Government Admits It Has No Idea How Much Money Illegal Aliens Send Abroad

Jonah Bennett | Contributor

The federal government just admitted it has no idea how much money illegal aliens in the U.S. are sending overseas.

In response to a FOIA request from the Immigration Reform Law Institute (IRLI), the Bureau of Economic Analysis, a subdivision of the Department of Commerce, stated it does not estimate the amount of foreign cash transfers illegal aliens send outside the U.S.

The BEA also confirmed that it does not even question overseas transfers, known as remittances, nor does it have any ability to do so, which entails that informal Islamic financial transfer systems like hawala, often used to fund terrorism terrorism-financing systems, also escape the BEA’s estimations. A lack of scrutiny in this area means it’s likely that tens of millions of dollars are being sent overseas for nefarious activities.

As one example, a report from the Congressional Research Service in May noted that the Somali-American community in Minnesota sends about $100 million back to Somalia annually, but in the past few years, many financial institutions have cut off this link to Somalia for fear of funds falling in the hands of al-Qaida affiliate Al-Shabaab.

While the BEA broadly estimates “foreign-born” transfers, it does not divide the total figure into separate categories for legal and illegal migrants, which would be a useful number in assessing what illegals actually contribute to the American economy.

A Government Accountability Office report found that foreign-born residents sent $54.2 billion dollars abroad in 2014. Most of the remittances went to Mexico, China and India, among others. Of that $54.2 billion, $25 billion went to Mexico, which now counts remittances as a larger source of foreign income than oil.

In 2007, the BEA estimated foreign-born transfers at $36 billion.

Without any policing of cash transfers abroad, there’s a clear incentive for illegals to cross the border in search of work, as average wages in America are considerably higher than they are in Mexico. In Mexico, average wages are just one-tenth of what they are in America. Immigration expert John Eastman has called higher wages “one of the three magnets of illegal immigration.”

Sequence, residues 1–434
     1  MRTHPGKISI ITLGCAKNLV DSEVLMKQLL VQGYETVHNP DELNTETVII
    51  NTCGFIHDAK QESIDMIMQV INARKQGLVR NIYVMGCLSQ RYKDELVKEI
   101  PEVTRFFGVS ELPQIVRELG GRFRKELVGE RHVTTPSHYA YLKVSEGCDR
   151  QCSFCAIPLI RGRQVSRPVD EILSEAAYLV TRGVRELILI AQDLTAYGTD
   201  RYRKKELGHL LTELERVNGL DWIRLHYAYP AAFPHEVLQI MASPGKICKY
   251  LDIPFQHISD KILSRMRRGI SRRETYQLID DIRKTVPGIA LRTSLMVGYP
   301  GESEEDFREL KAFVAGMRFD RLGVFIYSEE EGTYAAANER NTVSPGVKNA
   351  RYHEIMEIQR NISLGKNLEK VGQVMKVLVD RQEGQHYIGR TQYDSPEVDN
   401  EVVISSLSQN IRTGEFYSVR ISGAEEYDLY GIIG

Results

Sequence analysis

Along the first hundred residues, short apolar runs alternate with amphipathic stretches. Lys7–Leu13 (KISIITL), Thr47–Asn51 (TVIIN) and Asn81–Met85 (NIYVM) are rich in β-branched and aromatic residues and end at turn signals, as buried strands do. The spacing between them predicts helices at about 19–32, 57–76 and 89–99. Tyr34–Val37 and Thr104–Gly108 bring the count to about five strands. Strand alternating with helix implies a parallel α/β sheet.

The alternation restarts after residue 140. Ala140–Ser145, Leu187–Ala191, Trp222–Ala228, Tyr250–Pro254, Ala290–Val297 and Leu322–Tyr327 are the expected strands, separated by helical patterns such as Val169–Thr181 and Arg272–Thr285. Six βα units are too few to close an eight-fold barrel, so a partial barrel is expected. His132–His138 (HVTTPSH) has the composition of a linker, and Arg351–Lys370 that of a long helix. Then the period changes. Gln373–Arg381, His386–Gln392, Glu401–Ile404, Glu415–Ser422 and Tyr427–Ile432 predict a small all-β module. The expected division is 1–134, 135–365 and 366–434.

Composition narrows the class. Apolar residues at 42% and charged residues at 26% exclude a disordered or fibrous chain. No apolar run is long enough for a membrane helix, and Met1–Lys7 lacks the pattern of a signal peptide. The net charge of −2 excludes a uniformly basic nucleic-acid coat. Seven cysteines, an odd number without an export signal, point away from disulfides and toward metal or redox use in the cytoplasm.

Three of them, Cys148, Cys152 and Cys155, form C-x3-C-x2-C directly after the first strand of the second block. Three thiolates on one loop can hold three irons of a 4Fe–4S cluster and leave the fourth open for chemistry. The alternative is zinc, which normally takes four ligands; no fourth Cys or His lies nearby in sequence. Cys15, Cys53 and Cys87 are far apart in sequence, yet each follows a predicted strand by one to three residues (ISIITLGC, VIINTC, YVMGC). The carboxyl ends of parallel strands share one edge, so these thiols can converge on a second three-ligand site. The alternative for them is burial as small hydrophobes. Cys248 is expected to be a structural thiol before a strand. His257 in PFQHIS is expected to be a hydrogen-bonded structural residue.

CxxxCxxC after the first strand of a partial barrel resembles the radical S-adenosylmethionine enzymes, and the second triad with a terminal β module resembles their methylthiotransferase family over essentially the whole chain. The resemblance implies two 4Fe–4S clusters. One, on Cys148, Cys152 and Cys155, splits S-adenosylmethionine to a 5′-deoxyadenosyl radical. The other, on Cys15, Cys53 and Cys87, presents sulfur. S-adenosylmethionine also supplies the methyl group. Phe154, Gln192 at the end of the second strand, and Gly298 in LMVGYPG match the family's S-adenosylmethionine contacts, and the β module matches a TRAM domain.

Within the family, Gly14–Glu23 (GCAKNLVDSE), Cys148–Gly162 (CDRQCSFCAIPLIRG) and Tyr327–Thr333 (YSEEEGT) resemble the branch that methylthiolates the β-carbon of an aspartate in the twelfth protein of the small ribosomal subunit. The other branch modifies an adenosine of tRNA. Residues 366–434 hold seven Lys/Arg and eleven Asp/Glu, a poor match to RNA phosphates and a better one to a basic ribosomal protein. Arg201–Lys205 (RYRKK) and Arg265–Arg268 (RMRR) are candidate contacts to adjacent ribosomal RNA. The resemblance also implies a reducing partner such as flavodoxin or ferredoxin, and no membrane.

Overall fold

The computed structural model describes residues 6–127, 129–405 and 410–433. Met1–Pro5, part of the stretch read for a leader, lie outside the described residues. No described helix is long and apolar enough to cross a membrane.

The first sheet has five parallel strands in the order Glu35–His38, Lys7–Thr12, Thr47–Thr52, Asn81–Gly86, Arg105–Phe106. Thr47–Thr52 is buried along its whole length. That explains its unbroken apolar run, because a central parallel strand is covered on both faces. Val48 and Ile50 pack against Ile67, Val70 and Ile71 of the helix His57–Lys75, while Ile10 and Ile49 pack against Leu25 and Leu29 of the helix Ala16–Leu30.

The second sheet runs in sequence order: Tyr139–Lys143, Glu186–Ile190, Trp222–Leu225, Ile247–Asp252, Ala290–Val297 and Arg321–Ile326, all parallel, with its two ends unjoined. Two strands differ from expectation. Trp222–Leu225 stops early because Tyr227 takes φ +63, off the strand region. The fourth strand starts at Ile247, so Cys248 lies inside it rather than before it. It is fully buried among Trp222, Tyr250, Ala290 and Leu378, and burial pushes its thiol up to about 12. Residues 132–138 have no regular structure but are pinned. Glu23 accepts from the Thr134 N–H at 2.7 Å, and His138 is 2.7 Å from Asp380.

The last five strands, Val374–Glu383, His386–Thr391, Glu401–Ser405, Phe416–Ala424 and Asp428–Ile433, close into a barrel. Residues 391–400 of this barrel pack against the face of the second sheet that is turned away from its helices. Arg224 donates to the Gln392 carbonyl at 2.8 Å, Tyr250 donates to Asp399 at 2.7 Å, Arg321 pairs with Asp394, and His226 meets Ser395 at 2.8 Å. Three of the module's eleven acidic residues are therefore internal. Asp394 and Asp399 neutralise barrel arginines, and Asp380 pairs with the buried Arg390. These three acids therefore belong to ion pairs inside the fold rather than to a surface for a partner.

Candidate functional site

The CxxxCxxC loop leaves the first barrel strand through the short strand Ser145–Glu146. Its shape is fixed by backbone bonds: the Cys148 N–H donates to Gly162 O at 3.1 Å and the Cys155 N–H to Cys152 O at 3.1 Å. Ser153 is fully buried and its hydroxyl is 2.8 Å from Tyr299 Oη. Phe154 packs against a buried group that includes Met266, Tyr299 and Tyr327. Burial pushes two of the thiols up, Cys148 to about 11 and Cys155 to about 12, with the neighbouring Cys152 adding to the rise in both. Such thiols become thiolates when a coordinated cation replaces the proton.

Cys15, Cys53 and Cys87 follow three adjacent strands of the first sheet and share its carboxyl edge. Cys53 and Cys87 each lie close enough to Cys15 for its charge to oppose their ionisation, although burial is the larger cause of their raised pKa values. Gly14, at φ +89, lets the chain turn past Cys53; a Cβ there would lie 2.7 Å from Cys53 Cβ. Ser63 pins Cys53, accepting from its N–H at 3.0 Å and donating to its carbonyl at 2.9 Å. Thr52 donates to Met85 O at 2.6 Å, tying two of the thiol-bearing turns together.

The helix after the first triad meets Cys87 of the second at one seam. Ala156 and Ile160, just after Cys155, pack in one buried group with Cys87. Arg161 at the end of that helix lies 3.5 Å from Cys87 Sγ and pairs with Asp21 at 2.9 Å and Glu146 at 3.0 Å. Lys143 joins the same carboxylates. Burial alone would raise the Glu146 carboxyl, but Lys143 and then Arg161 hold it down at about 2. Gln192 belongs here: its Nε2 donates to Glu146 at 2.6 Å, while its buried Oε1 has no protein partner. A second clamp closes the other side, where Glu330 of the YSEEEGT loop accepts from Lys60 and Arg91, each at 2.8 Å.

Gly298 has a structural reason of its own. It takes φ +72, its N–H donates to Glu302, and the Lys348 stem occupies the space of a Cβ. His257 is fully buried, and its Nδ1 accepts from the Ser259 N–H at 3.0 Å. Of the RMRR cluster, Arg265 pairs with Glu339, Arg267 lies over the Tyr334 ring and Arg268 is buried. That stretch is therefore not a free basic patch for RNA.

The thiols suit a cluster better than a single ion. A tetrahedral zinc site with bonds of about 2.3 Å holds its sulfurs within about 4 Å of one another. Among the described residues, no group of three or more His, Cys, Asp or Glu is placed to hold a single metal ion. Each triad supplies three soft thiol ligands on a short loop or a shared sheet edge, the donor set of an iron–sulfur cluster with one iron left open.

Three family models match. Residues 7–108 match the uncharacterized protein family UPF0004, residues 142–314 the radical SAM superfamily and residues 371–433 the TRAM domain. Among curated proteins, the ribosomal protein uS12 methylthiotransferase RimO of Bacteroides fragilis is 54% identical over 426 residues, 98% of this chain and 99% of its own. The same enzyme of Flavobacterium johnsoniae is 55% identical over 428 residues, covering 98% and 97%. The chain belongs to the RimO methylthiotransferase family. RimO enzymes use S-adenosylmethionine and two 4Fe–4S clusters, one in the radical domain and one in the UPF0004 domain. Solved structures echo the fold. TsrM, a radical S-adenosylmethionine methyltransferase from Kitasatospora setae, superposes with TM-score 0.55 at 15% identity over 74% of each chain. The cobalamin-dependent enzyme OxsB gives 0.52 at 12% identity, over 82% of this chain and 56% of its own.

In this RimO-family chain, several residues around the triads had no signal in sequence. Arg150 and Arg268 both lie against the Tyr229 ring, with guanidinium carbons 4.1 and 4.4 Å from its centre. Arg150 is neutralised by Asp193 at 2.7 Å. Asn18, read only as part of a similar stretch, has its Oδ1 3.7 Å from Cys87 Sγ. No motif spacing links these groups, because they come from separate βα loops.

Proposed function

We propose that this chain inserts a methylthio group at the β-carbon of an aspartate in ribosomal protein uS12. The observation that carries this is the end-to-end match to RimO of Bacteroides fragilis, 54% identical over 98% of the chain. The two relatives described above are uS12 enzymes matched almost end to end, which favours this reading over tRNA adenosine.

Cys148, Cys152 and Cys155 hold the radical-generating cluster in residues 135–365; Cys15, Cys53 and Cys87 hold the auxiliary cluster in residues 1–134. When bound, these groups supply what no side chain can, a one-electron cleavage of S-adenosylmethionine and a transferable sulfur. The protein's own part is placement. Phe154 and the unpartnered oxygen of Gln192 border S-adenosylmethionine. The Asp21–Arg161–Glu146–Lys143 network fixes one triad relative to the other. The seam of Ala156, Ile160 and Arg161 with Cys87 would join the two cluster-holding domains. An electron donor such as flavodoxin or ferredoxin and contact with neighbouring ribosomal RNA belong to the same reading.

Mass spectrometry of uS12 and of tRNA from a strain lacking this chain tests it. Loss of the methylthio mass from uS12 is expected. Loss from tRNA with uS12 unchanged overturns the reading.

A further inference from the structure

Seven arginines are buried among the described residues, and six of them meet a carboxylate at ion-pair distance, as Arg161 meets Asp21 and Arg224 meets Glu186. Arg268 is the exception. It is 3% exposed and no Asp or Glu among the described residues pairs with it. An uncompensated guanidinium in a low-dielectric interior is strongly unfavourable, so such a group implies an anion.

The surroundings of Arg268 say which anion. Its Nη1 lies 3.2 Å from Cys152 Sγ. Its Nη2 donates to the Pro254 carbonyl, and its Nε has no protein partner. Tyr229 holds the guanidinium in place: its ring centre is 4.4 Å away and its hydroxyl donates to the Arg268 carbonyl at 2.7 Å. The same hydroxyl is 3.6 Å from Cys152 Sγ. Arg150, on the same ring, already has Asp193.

Remittances have recently appeared in the public eye following presumptive GOP nominee Donald Trump’s announcement that he plans in part to fund the border wall by attaching fees to overseas money transfers. Mexico’s Deputy Secretary for Finance Fernando Aportela has said in response if the U.S. decides to block remittances, money laundering prevention between the two countries would be on the ropes.

David North, fellow of the Center for Immigration Studies, isn’t even sure that sorting out legal from illegal remittances is worth it, but he does have an alternative approach.

“Sorting out illegal remittances from legal ones would require lots and lots of effort, and I am not sure it would be worth it,” North told The Daily Caller News Foundation. “Do we train all those bank clerks to know who is an illegal and who is not?”

“What we as a nation should do, as Oklahoma has done at the state level is to put a 1% fee on the transfers, and then regard these as income tax withholdings, so if you are dealing fairly with the income tax system it does not cost the sender anything,” he said.

North noted that Oklahoma brings in between $10 and $11 million annually from this fee, and in other states, the revenue would be much higher, as Oklahoma isn’t known for being home to a large population of illegals.

An analysis by North found the U.S. could raise $1-2 billion every year by following Oklahoma’s approach.

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Tags : bureau of economic analysis congressional research service immigration reform law institute
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